Unrest in the Middle East and North Africa has been on the radar for peacebuilding experts for years, and with protracted crises specifically in Libya, Syria, and Yemen challenging traditional aid approaches to promoting peace, we are ecstatic to have Professor of Practice, David Wood, on the case. Wood was solicited by the German Government to conduct Peace and Conflict Analyses and make recommendations for foreign governments on how to provide foreign aid without increasing or creating further division amongst competing political factions; but also so as to make a positive contribution towards peace.
Wood hails from London, England and has previously worked on creating peacemaking and peacekeeping patterns for non-government organizations in the former Soviet Union and the Balkans, and United Kingdom Government's stabilization unit in South Asia. However, the 2011 Arab Spring inspired him to shift his focus to Libya, Syria, and Yemen, countries he found "essential for the change process in the Middle East and North Africa, but yet all exhibiting slightly different flavors and needs. One," he suggests, "has more humanitarian needs, another developmental, and the last would benefit from more mediation-oriented support." In Yemen, he continues, "there is an ongoing humanitarian catastrophe, in Libya, there is an ongoing process of relationship building across divides, and Syria faces a challenging mediation process locally, politically, and internationally."
With the Arab Spring at its peak, the timing was right for peacemakers, like himself, to come together and align their resources in the Middle East to effectively guide the countries above toward positive, peaceful outcomes. His previous work had demonstrated that, while essential, large multi-lateral organizations such as the United Nations or large non-governmental organizations take a long time to respond to conflict dynamics and can be 'risk averse' in how they pursue making peace. In response, he founded a non-profit organization called Peaceful Change Initiative to bring about more rapid change to areas deeply affected by ongoing conflict. In Syria, they provide mentoring and support for mediation leaders in opposition-held areas, and in Libya, they provide support for municipalities to manage the relationship between political groups.
As Wood sought to further build upon his research and create frameworks for peacebuilding in these places, Seton Hall emerged as the perfect place to do so. "There was an opportunity," says Wood, "under the School of Diplomacy, to mix and merge the worlds of academia and peacebuilding practice. It was a great match for me." Because of his extensive knowledge of the context of Libyan political division, Wood was personally approached by the German government to compile the report Peace and Conflict Assessment of Libya: The potential for aid to promote peace (PCA), under the auspices of Seton Hall. His findings provide not only the German government, but essentially a host of countries around the globe, with policy recommendations that may shape the way foreign assistance is maximized. Wood says, "Seton Hall isn't doing the research just because the German government asked us to do it, we're doing it because strategically, it is essential to improve the interaction between humanitarian aid, development, and peace-building." In his report, Wood addresses the main question that foreign aid agencies ask, namely, "How do we provide assistance without making the situation worse, and actually help people find peace?"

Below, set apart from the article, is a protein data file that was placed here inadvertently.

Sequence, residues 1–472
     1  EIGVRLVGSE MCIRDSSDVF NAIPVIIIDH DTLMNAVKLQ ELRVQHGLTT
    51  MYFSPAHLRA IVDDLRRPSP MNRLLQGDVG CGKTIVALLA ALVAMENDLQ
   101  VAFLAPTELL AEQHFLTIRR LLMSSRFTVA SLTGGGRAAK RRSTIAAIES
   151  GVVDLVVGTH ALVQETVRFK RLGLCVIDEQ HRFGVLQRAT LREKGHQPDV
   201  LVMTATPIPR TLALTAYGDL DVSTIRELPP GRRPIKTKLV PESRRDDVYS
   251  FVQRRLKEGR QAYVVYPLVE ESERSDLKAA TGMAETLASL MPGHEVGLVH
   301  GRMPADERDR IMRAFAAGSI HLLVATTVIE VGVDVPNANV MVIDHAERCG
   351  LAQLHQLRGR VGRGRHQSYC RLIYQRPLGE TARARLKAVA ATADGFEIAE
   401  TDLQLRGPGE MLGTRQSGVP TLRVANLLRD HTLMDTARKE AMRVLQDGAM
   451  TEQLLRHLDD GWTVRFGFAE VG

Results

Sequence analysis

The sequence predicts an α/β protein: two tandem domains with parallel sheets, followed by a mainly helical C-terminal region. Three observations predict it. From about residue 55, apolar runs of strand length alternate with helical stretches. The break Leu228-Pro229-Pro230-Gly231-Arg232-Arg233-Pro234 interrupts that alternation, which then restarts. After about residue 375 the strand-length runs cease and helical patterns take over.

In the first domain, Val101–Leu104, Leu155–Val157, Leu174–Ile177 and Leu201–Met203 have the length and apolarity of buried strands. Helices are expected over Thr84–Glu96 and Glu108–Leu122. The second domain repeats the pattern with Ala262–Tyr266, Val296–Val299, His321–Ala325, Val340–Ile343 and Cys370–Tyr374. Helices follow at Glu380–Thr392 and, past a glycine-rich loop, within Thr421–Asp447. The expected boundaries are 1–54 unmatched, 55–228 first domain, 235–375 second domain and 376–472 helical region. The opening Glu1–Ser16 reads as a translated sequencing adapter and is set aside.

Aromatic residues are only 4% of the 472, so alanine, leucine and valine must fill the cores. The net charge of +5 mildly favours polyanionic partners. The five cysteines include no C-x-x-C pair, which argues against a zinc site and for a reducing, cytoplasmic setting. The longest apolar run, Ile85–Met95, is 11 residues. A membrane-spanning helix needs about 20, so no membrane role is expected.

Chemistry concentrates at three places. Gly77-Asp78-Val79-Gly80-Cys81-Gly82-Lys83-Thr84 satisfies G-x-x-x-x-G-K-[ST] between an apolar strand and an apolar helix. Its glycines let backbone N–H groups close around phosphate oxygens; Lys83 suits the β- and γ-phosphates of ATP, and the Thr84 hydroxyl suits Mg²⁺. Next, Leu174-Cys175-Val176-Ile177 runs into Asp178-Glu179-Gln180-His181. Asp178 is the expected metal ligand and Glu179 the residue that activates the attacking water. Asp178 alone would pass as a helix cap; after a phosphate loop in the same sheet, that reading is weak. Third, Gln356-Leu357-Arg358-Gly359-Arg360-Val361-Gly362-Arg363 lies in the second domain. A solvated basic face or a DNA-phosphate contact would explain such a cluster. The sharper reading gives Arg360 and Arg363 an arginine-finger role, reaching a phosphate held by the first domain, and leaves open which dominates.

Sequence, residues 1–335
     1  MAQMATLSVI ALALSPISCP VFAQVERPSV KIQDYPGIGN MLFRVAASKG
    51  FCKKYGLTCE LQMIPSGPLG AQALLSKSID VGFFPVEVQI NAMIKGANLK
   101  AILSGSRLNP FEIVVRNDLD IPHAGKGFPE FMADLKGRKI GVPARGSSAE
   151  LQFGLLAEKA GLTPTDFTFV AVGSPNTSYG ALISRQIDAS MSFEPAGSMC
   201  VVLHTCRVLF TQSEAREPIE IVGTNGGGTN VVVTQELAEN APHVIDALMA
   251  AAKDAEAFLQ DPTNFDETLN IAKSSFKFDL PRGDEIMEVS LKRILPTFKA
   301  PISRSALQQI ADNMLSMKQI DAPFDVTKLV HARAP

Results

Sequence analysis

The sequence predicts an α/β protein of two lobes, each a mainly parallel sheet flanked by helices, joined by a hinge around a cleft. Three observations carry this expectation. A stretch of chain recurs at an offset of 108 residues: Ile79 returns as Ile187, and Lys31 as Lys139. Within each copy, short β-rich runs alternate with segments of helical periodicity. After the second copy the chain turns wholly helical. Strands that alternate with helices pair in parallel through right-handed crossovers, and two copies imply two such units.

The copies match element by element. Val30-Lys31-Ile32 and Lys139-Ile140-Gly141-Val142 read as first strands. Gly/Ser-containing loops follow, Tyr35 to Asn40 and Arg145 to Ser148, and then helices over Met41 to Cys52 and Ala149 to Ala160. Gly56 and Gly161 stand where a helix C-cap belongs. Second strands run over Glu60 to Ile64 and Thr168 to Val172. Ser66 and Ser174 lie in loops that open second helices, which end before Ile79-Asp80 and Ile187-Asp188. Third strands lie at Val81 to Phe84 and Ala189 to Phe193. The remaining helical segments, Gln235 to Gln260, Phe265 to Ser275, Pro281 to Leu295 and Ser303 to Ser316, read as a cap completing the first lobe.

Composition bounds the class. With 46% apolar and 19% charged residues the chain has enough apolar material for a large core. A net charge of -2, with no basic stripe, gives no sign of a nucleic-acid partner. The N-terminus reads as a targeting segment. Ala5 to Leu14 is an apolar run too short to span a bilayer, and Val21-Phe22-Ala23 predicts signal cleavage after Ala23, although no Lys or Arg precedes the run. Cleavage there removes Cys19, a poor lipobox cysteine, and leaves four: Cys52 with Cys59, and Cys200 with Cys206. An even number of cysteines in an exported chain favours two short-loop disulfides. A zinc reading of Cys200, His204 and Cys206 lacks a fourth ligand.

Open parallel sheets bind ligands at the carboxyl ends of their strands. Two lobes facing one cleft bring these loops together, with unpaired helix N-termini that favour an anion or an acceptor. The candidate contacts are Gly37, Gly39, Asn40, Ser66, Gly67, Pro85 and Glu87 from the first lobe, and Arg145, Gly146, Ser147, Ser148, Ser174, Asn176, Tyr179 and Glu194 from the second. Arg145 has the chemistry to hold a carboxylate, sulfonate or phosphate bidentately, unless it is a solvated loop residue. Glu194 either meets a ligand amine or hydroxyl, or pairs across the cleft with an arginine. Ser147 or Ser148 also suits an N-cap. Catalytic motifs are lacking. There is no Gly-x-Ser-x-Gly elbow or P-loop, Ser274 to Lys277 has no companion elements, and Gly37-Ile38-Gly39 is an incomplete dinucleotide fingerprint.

In the PCA, Wood traces the background of post-Qaddafi political divisions, starting with the establishment of the National Transitional Council in 2012, which planned for Libya's transition toward a democratic government and society. The General National Congress, a product of the Council, started off with strong potential, but in the second national elections in 2014, hardline groups in the Congress did not secure re-elections and refused to recognize the results, and this resulted in two competing governments. While well-meaning, the subsequent UN-led mediation processes between the competing governments led to the international community taking sides with one of the conflicting parties. Wood then dives into the context and characteristics of the political tension currently gripping the country. He recommends peacebuilding actions for aid agencies who can only provide assistance to one government at the moment, but who seek to unify Libya once and for all.
While his report may be limited to Libya, the framework holds significance for any foreign country that seeks to provide humanitarian aid but doesn't know how. The cyclical dangers of fragility, conflict, and violence aren't unique to Libya, thus neither are the solutions Wood proposes. He suggests that agencies should support cooperation and negotiation across divides, and push for the public to closely examine the operations of armed groups. This report holds the key to reuniting a country that has been engulfed in turmoil for some time, but most importantly, it has the potential to serve as the basis for peacebuilding everywhere, for years to come.
Categories: Nation and World